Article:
House of Representatives
Office of Program Research
This analysis was prepared by non-partisan legislative staff for the use of legislative members in their deliberations. This analysis is not a part of the legislation nor does it constitute a statement of legislative intent.
Brief Description: Requiring students to pass a civics test as a prerequisite to graduation from high school.
Sponsors: Representatives Chandler, Santos, Hargrove, Kagi, Van Werven, Condotta and Tarleton.
Hearing Date: 3/14/17
Staff: Ethan Moreno (786-7386).
Civics Education and Basic Education.
Civics education provisions are included within requirements governing the state's program of basic education. Goal number two of the four statutorily established basic education goals of school districts obligate districts to provide opportunities for every student to develop the knowledge and skills essential to know and apply the core concepts and principles of civics and history, including different cultures and participation in representative government.
The Superintendent of Public Instruction (SPI) is responsible for developing the essential academic learning requirements (EALRs) that identify the knowledge and skills all public school students need to know and be able to do based on the four basic education learning goals. For social studies topics, the requirements are adopted by the SPI as the K-12 Social Studies Learning Standards, standards that include specific EALRs and grade level expectations that describe what students should know and be able to do in civics, economics, geography, history and social study skills. School districts do not ratify or formally adopt the standards, as curriculum choices are, with limited exceptions, determined locally.
Civics Education - Graduation Prerequisites.
Graduation credit requirements established by the State Board of Education (SBE) for the graduating class of 2016 onward require students to complete three credits of social studies. The three social studies credits must include one credit of United States History, one credit of Contemporary World History, a Geography and Problems class (or an equivalent course), one-half credit of civics, and one-half credit for a social studies elective course.
Legislation adopted in 2009 (HB 2132, enacted as ch. 223, Laws of 2009), specifies that the coursework for the one-half credit of civics must include:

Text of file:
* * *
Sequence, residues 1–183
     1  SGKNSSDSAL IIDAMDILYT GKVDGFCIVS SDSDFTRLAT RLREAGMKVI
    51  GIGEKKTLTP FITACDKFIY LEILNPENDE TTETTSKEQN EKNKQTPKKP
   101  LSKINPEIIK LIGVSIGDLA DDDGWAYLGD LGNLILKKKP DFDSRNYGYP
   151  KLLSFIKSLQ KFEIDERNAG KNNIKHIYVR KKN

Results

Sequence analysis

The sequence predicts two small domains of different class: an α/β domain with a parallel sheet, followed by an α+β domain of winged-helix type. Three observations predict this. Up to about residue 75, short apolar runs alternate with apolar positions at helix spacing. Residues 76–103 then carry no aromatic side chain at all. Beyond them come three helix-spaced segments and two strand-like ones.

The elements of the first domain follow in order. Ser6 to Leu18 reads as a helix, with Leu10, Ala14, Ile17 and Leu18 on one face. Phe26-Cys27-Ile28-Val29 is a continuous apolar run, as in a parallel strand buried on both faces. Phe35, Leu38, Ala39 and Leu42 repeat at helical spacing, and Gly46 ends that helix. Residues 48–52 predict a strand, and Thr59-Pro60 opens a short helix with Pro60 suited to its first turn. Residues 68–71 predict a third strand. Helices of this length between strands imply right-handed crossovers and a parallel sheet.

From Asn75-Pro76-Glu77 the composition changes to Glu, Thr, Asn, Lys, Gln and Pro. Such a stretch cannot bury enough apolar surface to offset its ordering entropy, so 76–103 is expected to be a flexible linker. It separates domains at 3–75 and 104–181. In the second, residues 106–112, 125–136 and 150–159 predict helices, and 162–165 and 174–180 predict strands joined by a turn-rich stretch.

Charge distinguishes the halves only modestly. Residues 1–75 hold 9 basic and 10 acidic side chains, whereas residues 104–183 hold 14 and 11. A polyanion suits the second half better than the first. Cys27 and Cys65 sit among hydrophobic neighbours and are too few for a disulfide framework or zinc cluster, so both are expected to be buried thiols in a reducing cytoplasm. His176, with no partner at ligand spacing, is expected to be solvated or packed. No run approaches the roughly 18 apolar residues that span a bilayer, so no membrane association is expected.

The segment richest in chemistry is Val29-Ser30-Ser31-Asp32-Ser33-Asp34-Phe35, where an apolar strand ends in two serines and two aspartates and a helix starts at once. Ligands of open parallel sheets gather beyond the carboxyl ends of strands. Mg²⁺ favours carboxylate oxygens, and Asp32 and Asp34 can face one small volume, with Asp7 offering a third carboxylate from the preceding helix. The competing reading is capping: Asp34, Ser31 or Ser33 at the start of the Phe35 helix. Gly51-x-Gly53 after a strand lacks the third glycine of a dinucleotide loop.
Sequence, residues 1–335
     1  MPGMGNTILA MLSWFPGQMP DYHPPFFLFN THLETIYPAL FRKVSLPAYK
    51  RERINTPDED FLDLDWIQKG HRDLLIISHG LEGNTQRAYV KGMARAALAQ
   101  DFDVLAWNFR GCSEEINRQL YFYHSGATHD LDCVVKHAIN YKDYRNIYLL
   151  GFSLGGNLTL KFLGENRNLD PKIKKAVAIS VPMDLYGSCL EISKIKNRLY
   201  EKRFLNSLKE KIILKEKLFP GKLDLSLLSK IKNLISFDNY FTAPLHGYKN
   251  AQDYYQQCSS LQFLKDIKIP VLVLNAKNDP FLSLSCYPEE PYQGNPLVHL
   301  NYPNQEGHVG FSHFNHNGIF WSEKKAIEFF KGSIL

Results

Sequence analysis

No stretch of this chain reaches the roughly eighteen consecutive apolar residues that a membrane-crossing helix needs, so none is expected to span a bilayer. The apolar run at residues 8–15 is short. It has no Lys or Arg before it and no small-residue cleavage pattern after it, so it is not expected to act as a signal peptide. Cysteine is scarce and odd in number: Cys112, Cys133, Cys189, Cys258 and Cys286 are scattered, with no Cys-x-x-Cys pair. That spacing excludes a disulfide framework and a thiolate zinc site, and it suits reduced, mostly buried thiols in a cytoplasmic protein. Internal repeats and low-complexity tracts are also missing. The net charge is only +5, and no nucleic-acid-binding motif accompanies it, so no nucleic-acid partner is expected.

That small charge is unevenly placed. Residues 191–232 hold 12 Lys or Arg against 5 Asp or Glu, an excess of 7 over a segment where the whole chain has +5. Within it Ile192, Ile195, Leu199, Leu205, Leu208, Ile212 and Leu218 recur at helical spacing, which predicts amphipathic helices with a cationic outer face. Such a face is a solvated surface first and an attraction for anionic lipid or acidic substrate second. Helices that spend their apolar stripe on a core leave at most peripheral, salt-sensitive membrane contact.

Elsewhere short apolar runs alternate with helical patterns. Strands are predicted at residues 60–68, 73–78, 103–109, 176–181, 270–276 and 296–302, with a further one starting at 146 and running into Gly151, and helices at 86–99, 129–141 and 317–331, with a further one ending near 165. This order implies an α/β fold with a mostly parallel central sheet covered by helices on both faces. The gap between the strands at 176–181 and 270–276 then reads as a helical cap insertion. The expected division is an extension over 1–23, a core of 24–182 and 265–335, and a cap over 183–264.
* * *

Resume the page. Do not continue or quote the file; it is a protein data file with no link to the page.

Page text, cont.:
federal, state, and local government organization and procedures;
rights and responsibilities of citizens addressed in the Washington state and United States Constitutions;
current issues addressed at each level of government; and
electoral issues, including elections, ballot measures, initiatives, and referenda.
In addition to the social studies and civics requirements, the study of the Constitution of the United States and the Constitution of the state of Washington are a graduation prerequisite for public and private high schools in the state. The SPI is directed to adopt rules for the implementation of this requirement.
Persons seeking to become naturalized United States (U.S.) citizens must generally take and pass English and civics tests of the U.S. Citizenship and Immigration Services Office during their naturalization interview. The civics test consists of 100 possible questions, and citizenship applicants are required to answer up to 10 questions in English. To pass the test, an applicant must correctly answer at least six of the 10 questions. If an applicant fails either the English or the civics test, he or she will be provided with a second opportunity to retake the portion of the test that they did not pass.
Summary of Bill:
Beginning with the 2017-18 school year, each public and private high school must require as a prerequisite to graduation that students take and pass the civics component of the federally-administered naturalization test required of persons seeking to become naturalized U.S. citizens. The SPI is required to develop the test, and the test must consist of 50 questions selected from the 100 civics questions for the naturalization test that are available from the United States Citizenship and Immigration Services Office. The SPI is required also to adopt rules for the implementation of the civics test requirement. The rules must provide that passing score is attained when a student answers at least 35 questions correctly (70 percent), and include provisions for retaking the test if a student does not attain a passing score.
Fiscal Note: Not requested.
Effective Date: The bill takes effect 90 days after adjournment of the session in which the bill is passed.